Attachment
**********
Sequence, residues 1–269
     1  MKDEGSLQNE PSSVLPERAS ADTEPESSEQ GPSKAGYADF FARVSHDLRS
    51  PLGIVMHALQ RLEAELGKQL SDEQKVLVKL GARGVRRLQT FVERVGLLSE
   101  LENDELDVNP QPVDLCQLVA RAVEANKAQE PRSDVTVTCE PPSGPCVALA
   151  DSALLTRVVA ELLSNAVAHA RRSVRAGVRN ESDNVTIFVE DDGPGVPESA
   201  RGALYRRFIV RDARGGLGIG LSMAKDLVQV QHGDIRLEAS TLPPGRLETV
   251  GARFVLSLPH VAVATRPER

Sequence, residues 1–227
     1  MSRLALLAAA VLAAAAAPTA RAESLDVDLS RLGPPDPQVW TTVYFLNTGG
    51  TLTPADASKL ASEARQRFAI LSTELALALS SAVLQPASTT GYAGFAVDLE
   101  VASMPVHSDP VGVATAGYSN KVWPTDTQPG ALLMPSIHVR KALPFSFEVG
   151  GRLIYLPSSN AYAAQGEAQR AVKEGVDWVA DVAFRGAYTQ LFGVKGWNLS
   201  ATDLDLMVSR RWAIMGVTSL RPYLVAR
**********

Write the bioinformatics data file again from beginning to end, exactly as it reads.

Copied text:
Sequence, residues 1–269
     1  MKDEGSLQNE PSSVLPERAS ADTEPESSEQ GPSKAGYADF FARVSHDLRS
    51  PLGIVMHALQ RLEAELGKQL SDEQKVLVKL GARGVRRLQT FVERVGLLSE
   101  LENDELDVNP QPVDLCQLVA RAVEANKAQE PRSDVTVTCE PPSGPCVALA
   151  DSALLTRVVA ELLSNAVAHA RRSVRAGVRN ESDNVTIFVE DDGPGVPESA
   201  RGALYRRFIV RDARGGLGIG LSMAKDLVQV QHGDIRLEAS TLPPGRLETV
   251  GARFVLSLPH VAVATRPER

Sequence, residues 1–227
     1  MSRLALLAAA VLAAAAAPTA RAESLDVDLS RLGPPDPQVW TTVYFLNTGG
    51  TLTPADASKL ASEARQRFAI LSTELALALS SAVLQPASTT GYAGFAVDLE
   101  VASMPVHSDP VGVATAGYSN KVWPTDTQPG ALLMPSIHVR KALPFSFEVG
   151  GRLIYLPSSN AYAAQGEAQR AVKEGVDWVA DVAFRGAYTQ LFGVKGWNLS
   201  ATDLDLMVSR RWAIMGVTSL RPYLVAR